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Are amusement parks safe now? What you should know to lower COVID-19 risk

	Employees sanitize roller coaster seats at Six Flags Magic Mountain in Valencia, California, on April 2 -- the second day that the park reopened after more than a year of being closed because of the pandemic.
Employees sanitize roller coaster seats at Six Flags Magic Mountain in Valencia, California, on April 2 -- the second day that the park reopened after more than a year of being closed because of the pandemic.

If you’re wondering whether an amusement park is a safe place to have fun after more than a year of pandemic struggles, know that the answer isn’t black-and-white.

Coronavirus spreads through exposure to respiratory droplets carrying the virus, virus accumulated in or flowing through the air or surfaces contaminated with the virus. Because of that, the risk levels of amusement parks depend on the safety modifications they take to reduce COVID-19 risk, according to the US Centers for Disease Control and Prevention’s guidance for traveling amusement parks and carnivals.

That can apply to permanent amusement parks, too, said CNN Medical Analyst Dr. Leana Wen, an emergency physician and visiting professor of health policy and management at the George Washington University Milken Institute School of Public Health.

“If the amusement park is entirely outdoors and you’re going at a time when it’s not a bunch of people packed into a very small space, if you can keep some pretty good physical distancing, and if masks are required, I would feel pretty good about going,” Wen said. “That changes if any of those factors are not there.

“If it’s outdoors, there’s going to be very good air circulation. We now know that surfaces are not the major issue.”

Before you go to an amusement park

By calling or looking online, check whether the park has been complying with CDC guidelines for traveling amusement parks — or with similar precautions regarding cleaning frequently touched surfaces as much as possible, physical distancing and consistent mask wearing.

If you don’t live in the same state or country as the amusement park, call the park or check its website to know whether the park is allowing out-of-state visitors. You may need to make reservations since some parks may be limiting capacity. Look for advance ticketing options so that you and your group can enter the park using contactless check-in.

Also, look at online review forums and navigation apps to see what the experiences of recent guests have been, Wen suggested. “Does it seem like masking is enforced? Also, what are the most crowded times, and what does it look like when it’s crowded? Are you able to maintain physical distancing? If not, you may want to reconsider the trip.”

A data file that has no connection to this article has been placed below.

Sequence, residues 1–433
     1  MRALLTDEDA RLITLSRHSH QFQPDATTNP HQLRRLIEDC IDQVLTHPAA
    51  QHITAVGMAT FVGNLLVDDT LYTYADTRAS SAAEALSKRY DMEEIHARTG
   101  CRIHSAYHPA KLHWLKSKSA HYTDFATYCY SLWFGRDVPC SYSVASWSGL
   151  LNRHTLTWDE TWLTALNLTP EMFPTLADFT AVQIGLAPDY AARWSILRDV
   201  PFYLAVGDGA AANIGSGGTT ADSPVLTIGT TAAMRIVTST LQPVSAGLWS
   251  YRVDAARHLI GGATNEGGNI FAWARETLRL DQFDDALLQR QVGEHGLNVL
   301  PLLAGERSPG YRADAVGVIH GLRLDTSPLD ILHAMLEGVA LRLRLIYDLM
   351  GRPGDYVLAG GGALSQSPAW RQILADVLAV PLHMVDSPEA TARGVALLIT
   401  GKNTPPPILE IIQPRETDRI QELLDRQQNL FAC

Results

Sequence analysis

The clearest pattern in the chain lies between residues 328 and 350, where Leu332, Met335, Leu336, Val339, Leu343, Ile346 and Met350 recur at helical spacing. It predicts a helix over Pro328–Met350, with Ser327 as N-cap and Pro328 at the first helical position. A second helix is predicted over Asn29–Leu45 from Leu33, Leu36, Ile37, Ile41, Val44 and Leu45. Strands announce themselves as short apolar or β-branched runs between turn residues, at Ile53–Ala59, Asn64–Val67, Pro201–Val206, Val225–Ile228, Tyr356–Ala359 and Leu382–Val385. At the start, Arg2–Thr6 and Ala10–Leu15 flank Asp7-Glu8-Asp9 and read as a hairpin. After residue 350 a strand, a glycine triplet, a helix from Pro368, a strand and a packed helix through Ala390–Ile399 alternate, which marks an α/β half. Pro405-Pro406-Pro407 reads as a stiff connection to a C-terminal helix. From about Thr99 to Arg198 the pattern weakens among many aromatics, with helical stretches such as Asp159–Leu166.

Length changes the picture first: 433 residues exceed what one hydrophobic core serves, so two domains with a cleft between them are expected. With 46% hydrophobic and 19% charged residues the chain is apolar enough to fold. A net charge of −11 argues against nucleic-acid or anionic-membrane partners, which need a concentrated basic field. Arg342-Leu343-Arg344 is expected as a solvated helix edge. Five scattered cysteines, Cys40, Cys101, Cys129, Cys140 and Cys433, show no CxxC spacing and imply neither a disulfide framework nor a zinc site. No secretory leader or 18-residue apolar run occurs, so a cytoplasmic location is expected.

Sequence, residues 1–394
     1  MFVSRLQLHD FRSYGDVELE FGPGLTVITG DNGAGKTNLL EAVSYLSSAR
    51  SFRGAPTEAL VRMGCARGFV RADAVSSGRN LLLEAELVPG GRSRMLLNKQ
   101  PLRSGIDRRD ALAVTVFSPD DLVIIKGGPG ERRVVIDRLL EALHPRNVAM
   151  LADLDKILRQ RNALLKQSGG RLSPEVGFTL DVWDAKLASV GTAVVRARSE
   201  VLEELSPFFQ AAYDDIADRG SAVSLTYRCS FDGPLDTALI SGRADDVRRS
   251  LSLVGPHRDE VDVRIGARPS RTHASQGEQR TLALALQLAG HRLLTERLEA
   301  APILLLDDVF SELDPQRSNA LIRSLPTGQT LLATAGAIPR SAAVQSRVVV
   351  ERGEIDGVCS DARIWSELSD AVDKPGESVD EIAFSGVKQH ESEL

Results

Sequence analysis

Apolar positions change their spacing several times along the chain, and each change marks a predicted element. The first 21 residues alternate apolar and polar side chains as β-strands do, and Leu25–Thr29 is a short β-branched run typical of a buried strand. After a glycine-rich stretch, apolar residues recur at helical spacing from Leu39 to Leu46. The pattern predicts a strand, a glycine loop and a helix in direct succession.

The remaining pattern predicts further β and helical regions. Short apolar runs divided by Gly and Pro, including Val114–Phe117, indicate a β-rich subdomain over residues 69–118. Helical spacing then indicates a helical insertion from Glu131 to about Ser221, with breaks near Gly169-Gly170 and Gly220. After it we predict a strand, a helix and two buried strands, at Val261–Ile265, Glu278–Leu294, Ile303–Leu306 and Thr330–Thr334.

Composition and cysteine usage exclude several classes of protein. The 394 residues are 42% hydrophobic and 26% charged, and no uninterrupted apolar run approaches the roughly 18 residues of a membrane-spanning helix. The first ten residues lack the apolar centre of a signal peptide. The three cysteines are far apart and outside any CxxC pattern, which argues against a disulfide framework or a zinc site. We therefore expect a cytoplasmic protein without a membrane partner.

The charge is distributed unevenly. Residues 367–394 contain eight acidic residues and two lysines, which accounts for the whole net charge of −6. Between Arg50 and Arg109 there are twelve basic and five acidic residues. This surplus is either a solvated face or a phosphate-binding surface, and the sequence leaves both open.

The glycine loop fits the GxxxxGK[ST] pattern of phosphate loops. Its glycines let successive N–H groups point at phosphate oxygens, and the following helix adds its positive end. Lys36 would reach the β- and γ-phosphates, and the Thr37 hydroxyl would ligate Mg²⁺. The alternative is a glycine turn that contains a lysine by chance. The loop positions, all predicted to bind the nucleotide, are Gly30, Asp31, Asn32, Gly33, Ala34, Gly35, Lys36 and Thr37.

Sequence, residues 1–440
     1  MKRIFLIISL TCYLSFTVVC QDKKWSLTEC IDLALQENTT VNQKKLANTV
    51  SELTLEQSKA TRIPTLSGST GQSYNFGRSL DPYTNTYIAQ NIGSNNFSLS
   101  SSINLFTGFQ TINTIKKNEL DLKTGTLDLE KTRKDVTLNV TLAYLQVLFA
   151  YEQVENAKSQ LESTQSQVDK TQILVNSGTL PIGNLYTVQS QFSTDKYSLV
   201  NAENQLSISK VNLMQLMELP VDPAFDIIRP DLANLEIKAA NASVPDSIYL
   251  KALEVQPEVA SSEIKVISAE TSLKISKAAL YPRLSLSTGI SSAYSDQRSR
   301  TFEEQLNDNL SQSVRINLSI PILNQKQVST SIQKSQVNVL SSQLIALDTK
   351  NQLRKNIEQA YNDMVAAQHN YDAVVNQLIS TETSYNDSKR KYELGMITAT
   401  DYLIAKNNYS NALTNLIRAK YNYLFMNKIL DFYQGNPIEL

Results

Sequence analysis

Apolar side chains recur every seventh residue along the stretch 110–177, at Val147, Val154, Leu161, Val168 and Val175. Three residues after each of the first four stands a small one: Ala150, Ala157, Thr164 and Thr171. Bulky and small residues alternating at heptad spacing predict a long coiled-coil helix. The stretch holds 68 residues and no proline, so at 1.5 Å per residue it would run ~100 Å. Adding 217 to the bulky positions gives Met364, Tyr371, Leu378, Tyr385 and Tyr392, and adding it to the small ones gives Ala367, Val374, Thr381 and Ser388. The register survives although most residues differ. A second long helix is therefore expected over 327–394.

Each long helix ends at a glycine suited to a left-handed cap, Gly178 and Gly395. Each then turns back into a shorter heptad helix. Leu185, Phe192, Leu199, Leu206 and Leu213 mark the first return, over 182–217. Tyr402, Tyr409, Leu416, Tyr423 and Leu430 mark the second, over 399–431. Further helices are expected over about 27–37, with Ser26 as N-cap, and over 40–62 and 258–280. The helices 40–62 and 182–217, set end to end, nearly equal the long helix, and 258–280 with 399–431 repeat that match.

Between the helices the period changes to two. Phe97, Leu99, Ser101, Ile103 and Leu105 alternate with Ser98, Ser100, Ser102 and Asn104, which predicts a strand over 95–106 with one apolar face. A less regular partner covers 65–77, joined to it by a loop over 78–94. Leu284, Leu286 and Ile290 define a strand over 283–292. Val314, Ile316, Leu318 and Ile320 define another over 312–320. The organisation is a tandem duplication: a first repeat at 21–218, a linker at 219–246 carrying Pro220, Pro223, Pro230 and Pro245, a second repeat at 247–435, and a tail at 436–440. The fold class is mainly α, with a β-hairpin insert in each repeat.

If you have children, set their expectations for what the trip may be like.

“Discuss with the family, in advance, about what to do, including if you show up and it’s too crowded and you may need to leave,” Wen said. “Kids may otherwise be very disappointed if that were to occur.”

While you’re at the park

While you’re there, you’ll need hand sanitizer to use before and after you touch things — such as ATMs or handrails — or eat.

“We don’t know how frequently they’re wiping down those rides,” so bring sanitizing wipes as well, said Dr. Ada Stewart, a family physician with Cooperative Health in Columbia, South Carolina, and the president of the American Academy of Family Physicians.

When you’re on rides, “a lot of times you’re screaming,” said Regina Davis Moss, the associate executive director of health policy and practice at the American Public Health Association. “These are also potential opportunities for droplet spread.” Avoid rides that don’t allow for enough space between groups from different households — and remember to keep your mask on at all times.

Carry more than one mask in case one gets wet, which can make it less effective and complicate breathing. Bringing your own food and eating at least 6 feet away from people who don’t live in your household — or finding a restaurant with outdoor seating — is safest. Many businesses have closed public water fountains, so you may need to bring along a water bottle as well.

Avoid touching shared items, such as gaming equipment, if you haven’t seen park staff clean it between guests. If you do play arcade games, make sure that only your group is at the booth. Pay attention to any signs or markings that encourage you to physically distance and stay aware of your surroundings.

Coronavirus Coverage

CNN Newsource


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